‘Increasing the capacity of the electricity network is going to be hugely expensive’ – Julian Leslie, head of electricity network development at the UK’s National Grid
“That is going to be hugely expensive,” he says. “You would struggle to get the planning consent for the wires and generation needed. There is a very strong future for gas and we can decarbonise the gas a lot by producing hydrogen or biogas to inject into the gas network. We need to explore more alternatives to how we can decarbonise gas further.”
Biogas and biofuels are often seen as one of the most viable alternatives to fossil fuels, with companies like BP investing huge sums into developing production lines. Yet burning these fuels will not halt the release of greenhouse gases into the atmosphere. And with the burgeoning extraction of shale oil and gas in many parts of the world, it seems likely we will be reliant on fossil fuels for some time to come.
“By 2050 we will still be getting 75% of our energy from fossil fuels,” says Armstrong. “A critical issue for us will be to figure out how to reduce carbon dioxide emissions from those energy sources. That is going to require carbon capture storage and utilisation. Lowering the cost of capturing the carbon is probably the toughest piece of that but we also need to figure out how to store it for geological timeframes.”
‘By 2050 we will still be getting 75% of our energy from fossil fuels’ – Robert Armstrong, director of the Massachusetts Institute of Technology Energy Initiative
Carbon capture involves scrubbing the carbon dioxide gas from the fumes leaving chimneys. Typically this involves expensive chemicals to bind the carbon dioxide and requires replumbing power plants so the mixture can be heated as part of the scrubbing process. But there are some new approaches being developed that make use of metal ions, which avoids the need to heat the chemical mixture.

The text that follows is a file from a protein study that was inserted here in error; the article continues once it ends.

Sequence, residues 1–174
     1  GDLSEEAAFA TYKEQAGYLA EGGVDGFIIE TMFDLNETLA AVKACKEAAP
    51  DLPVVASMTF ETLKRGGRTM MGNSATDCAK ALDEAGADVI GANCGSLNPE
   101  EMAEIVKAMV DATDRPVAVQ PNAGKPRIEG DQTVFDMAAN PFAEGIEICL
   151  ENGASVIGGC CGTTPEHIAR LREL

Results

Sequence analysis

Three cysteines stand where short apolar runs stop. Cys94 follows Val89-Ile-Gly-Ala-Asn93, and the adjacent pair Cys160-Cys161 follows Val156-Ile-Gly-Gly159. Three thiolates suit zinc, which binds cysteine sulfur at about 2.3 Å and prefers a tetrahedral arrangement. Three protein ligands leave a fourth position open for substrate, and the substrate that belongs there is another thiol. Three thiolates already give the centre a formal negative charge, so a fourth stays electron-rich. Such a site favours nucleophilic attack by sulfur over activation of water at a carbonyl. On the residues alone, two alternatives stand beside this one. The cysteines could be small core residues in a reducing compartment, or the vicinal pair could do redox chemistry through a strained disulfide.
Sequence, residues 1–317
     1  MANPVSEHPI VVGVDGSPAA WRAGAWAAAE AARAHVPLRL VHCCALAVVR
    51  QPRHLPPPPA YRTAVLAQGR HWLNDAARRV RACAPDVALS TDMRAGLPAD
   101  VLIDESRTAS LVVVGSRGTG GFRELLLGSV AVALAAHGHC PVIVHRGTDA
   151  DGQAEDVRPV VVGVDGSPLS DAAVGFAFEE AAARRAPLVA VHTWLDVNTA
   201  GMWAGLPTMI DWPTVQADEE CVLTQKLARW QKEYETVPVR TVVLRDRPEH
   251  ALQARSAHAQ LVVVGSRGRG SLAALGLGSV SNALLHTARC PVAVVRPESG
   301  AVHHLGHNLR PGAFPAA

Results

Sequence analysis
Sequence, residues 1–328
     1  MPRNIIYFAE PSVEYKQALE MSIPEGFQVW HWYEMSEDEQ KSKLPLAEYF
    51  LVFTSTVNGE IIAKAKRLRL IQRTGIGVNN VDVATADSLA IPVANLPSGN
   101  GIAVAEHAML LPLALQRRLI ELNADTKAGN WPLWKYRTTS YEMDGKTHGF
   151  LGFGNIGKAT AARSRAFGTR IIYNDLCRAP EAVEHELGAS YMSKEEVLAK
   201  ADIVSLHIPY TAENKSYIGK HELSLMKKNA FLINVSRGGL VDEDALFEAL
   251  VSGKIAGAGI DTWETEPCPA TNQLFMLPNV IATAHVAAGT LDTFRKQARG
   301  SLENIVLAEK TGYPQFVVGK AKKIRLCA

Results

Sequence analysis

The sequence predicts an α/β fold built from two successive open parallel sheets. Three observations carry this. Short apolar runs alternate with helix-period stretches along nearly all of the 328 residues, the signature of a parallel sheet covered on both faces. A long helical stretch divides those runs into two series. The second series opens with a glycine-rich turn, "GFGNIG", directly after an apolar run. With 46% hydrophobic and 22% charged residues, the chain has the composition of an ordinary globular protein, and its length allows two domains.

Some believe the problems we face with renewable energy can be overcome in more direct ways, such as closer monitoring of individual households’ energy consumption. By 2020 the European Union is aiming to have 500 million smart meters installed in homes to monitor energy usage.
Detailed minute-by-minute information about demand should help power companies manage grids better. “Artificial intelligence will be essential in analysing the vast amounts of data generated around the power grid and taking real-time control decisions,” says Valentin Robu, a lecturer in smart grids at Heriot-Watt University in Edinburgh, Scotland.
It could also lead to some fundamental changes in the way we consume technology. “We are not that far away from me asking my energy company for the cheapest possible tariff they can give and them sending me some plugs that connect to my WiFi network,” says Leslie. “It will mean that you are no longer in control of your dishwasher or your washing machine.”
‘It will mean that you are no longer in control of your dishwasher or your washing machine’ – Julian Leslie, head of electricity network development at the UK’s National Grid
Instead, it will mean our energy companies will control when our household appliances run. They will be able to turn them on when the weather is sunny and solar energy is plentiful or when demand is otherwise low.
Such approaches would mean a fundamental move away from the “power-on-demand” way of consuming energy we have grown use to over the past century. Instead when our fridges go through cooling cycles or appliances turn on could be determined by fluctuations in the weather or the time of day. Our dishwashers, for example, may run during the day while we are at work rather than at night.
“For years we have consumed energy whenever we like and paid a flat rate for that,” says Leslie. “We will have to start shifting our use of energy to when it is there and available rather than shifting the energy production to match our use.”